Another comment on Islam, attributed to Naipaul, is:  

‘Islam is in its origin an Arab religion. Everyone not an Arab who is a Muslim is a convert. Islam is not simply a matter of conscience or private belief. It makes imperial demands. A convert’s worldview alters. His holy places are in Arab lands. His sacred language is Arabic. His idea of history alters. He rejects his own: he becomes, whether he likes it or not, a part of the Arab story. The convert has to turn away from everything that is his.’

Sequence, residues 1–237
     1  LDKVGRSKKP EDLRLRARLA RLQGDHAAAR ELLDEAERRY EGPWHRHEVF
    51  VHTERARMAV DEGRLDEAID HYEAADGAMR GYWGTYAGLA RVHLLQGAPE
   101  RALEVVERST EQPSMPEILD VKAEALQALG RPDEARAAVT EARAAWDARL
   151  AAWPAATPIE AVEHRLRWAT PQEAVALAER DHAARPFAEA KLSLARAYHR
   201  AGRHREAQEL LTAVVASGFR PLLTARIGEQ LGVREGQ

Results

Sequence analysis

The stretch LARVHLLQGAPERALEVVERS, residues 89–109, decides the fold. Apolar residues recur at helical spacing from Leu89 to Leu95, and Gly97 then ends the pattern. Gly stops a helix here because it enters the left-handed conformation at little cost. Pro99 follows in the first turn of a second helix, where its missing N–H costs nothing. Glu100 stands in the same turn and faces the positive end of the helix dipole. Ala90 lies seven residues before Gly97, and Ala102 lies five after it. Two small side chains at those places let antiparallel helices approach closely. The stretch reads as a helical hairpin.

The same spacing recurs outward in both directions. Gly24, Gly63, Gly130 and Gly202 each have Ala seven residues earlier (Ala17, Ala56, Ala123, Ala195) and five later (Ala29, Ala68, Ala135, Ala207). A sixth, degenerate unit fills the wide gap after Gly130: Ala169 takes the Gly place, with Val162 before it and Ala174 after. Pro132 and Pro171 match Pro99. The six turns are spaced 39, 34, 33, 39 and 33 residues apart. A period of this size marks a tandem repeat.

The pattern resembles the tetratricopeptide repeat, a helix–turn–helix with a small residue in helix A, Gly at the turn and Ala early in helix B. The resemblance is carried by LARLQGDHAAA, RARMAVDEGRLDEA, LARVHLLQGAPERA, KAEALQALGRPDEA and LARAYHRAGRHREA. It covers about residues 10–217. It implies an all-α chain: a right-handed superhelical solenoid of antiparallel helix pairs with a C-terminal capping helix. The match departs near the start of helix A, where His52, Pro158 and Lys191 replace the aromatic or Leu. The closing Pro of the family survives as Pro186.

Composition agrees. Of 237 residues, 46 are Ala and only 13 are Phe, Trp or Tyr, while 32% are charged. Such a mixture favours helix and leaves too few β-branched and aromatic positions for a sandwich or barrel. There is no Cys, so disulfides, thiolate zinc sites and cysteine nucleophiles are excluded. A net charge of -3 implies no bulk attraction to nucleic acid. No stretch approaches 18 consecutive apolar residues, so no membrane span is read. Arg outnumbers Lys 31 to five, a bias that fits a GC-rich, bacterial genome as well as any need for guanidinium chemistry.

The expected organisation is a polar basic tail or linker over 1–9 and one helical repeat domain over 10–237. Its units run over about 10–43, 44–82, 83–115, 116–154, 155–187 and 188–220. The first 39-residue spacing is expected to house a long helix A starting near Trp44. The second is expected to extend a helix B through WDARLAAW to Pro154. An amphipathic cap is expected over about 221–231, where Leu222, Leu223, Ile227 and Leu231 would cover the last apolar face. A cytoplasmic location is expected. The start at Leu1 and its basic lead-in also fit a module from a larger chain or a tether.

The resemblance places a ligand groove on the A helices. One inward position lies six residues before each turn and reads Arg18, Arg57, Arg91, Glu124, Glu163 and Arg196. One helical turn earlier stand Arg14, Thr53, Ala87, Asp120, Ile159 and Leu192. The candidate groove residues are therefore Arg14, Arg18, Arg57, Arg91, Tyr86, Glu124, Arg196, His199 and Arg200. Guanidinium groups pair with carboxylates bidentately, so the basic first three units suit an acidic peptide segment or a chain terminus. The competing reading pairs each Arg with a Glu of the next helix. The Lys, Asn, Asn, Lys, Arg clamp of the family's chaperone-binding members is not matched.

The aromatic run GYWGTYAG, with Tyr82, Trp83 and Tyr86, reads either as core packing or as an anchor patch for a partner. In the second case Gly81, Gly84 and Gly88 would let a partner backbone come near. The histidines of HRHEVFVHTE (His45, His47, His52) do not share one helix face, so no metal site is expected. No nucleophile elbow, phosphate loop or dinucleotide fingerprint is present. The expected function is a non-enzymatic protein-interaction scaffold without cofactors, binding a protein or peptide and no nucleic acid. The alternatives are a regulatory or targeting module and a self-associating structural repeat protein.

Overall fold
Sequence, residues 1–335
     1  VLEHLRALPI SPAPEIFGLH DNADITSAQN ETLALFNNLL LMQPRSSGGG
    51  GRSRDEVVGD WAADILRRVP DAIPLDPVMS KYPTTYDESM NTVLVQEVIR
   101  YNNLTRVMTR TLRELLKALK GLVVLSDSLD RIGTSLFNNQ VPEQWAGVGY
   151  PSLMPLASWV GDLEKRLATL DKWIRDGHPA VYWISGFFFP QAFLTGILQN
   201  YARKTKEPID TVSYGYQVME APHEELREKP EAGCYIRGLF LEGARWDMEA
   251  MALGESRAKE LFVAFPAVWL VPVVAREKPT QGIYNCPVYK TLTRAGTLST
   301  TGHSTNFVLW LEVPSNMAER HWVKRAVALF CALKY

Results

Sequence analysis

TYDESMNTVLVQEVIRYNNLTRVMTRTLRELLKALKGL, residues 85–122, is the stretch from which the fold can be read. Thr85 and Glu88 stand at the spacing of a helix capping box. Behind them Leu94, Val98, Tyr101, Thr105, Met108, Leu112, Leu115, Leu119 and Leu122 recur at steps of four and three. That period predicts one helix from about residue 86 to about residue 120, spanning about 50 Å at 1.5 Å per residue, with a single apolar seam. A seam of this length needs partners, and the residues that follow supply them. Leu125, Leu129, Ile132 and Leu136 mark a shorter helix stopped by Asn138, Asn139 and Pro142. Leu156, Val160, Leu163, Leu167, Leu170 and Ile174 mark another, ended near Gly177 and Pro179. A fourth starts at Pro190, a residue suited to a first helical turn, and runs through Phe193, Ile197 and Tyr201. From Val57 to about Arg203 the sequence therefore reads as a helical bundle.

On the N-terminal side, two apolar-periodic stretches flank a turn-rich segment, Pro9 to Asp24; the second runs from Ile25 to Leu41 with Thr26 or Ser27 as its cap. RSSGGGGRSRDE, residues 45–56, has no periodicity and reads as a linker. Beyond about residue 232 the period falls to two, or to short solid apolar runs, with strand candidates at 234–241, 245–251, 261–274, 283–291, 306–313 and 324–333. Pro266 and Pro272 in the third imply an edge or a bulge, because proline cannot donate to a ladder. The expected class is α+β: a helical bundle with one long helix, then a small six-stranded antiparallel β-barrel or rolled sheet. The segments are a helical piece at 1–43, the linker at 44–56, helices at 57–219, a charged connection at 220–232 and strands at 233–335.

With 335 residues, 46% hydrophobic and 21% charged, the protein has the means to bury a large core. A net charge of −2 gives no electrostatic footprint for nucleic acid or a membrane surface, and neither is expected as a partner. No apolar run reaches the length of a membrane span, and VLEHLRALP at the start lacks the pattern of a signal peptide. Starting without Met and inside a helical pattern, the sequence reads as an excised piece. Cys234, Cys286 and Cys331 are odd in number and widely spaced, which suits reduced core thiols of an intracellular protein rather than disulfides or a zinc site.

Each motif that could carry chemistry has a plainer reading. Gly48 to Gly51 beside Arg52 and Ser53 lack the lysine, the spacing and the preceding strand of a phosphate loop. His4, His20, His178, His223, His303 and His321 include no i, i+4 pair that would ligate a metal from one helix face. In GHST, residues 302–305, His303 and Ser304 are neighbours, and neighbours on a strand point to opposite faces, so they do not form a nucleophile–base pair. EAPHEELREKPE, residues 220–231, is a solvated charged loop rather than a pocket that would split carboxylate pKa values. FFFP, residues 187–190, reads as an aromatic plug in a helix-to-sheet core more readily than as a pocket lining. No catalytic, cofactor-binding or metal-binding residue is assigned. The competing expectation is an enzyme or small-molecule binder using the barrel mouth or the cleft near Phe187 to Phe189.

Both of the above comments are points of view. They suggest that the person holding these views probably does not see, from a socio-cultural viewpoint, Islam or its spread as necessarily a positive thing. Now I do not know enough about Islam or how it spread in different parts of the world, but they do seem like sweeping generalizations about the world’s fastest growing religion. Also, to regard someone whose family embraced (or was forced to convert to) Islam hundreds of years ago as a convert does not seem very logical to me. Some may also (rightly) point out that the same criticism could be made of the other great proselytizing religion, Christianity, and wonder why Naipaul chooses to remain silent about it. However, can one not make observations about religions in isolation? Why is it that you have to bring in another religion every time you speak about a religion? There are many who level similar accusations at Christianity and do not attract the hostility Naipaul does. In any case, these comments (if indeed Naipaul made them) hardly make him a racist (the last time I checked Islam was a religion, not a race).